Wednesday, October 21, 2015


Though not directly dealing with skin care issues, the Washington Post article offers good tips to those who are conscious of their weight, diet, lifestyle as well as appearance.
Citing a recent study of York University which looked at dietary and exercise data for  thousands of Americans over the past four decades, it says an unsettling but perhaps not so surprising trend has been noticed: Even when one had the same diet and same activity level, a given adult in 2006 had a higher BMI than a counterpart of the same age in 1988.
In other words,“ at 25, you’d have to eat even less and exercise more than those older, to prevent gaining weight,” Jennifer Kuk, a professor at York, and co-author of study said: “Ultimately, maintaining a healthy body weight is now more challenging than ever.”
Just how much more challenging? When comparing people with the same diets in 1971 and 2008, the more recent counterpart was on average 10 percent heavier. Looking at physical activity data, only available between 1988 and 2006, those born later were five percent heavier even if they exercised just as much people two decades earlier.
 “Weight management is actually much more complex than just ‘energy in’ versus ‘energy out,’” says Kuk. “That’s similar to saying your investment account balance is simply your deposits subtracting your withdrawals and not accounting for all the other things that affect your balance like stock market fluctuations, bank fees or currency exchange rates.”
In the case of weight, the “other things” affecting our balance might have to do with our environment — both outside our bodies and within them. Kuk says that the world we live in today makes it harder to manage our weight than it was for people a generation ago.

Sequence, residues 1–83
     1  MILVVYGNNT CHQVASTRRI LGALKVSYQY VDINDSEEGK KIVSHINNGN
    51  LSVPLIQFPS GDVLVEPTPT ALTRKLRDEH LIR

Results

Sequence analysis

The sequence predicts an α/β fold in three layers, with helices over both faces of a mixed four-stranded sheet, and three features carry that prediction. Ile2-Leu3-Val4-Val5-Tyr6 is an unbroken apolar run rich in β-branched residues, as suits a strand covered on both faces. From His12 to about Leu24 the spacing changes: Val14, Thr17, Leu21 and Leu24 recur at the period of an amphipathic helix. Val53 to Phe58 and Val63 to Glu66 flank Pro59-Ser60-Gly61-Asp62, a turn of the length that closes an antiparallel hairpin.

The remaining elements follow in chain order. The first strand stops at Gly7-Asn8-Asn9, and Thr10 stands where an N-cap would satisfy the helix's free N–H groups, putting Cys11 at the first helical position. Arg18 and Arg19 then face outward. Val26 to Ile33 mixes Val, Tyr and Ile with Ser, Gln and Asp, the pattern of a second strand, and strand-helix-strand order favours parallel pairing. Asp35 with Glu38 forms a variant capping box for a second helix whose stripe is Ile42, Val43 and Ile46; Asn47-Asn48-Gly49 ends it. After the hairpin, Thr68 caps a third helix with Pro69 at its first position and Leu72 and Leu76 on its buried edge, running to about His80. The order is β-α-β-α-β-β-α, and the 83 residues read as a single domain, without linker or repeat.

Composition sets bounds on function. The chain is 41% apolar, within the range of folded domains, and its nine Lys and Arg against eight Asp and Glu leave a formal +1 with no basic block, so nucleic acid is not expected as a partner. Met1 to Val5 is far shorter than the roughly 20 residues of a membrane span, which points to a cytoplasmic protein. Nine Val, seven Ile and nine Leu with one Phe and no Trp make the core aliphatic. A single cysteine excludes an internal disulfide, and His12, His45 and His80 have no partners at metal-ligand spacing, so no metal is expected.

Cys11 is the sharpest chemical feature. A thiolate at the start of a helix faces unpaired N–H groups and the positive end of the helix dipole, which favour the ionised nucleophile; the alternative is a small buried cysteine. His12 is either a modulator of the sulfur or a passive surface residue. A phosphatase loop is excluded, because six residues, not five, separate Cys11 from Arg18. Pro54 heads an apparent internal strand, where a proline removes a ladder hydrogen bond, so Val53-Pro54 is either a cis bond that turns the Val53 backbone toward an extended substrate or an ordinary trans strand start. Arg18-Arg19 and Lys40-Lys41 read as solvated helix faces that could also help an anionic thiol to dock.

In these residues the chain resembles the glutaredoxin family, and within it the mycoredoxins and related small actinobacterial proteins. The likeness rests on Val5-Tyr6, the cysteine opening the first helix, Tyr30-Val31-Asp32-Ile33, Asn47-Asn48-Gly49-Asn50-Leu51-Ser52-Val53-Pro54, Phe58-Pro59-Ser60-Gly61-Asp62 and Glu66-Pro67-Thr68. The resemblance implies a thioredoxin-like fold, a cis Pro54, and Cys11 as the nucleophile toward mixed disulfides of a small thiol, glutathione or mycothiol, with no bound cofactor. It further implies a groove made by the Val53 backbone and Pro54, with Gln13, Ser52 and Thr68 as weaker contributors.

She feels that the habits and modern lifestyles certainly have strong impact.“We’re sleeping less than we used to; according to  Gallup,in 2013, 40 percent of Americans got less than seven hours of sleep per night. And a Carnegie Melon survey in 2012 found that Americans were roughly 20 percent more stressed than a quarter of a century before.
Another factor is exposure to certain kinds of chemicals that affect endocrine system & metabolic processes. Plastic packaging, pesticides and substances (mostly synthetic toxins that tend to bioaccumulate through the food web) may be impacting the way our bodies process food and store fat.
Growing use of prescription drugs has also a role to play. A CDC report indicates that spending on prescription drugs doubled between 1999 and 2008. Among the adults, antidepressants were the most commonly used drug — large number of studies have linked antidepressants to weight gain. Allergy medications, steroids and pain medications also affect weight.
The tiniest and perhaps least intuitive factor is our “microbiomes,” the brew of tiny organisms that live in our guts and play a role in processing food. Changes in our diets — we each ate roughly 20 pounds more meat per year in 2000 than we did 30 years earlier, and we’re consuming far more artificial sweeteners — known to affect the gut bacteria, which in turn have been proven to affect how we extract energy from our diets. And if an individual is obese, their microbiome might actually be making weight loss harder.

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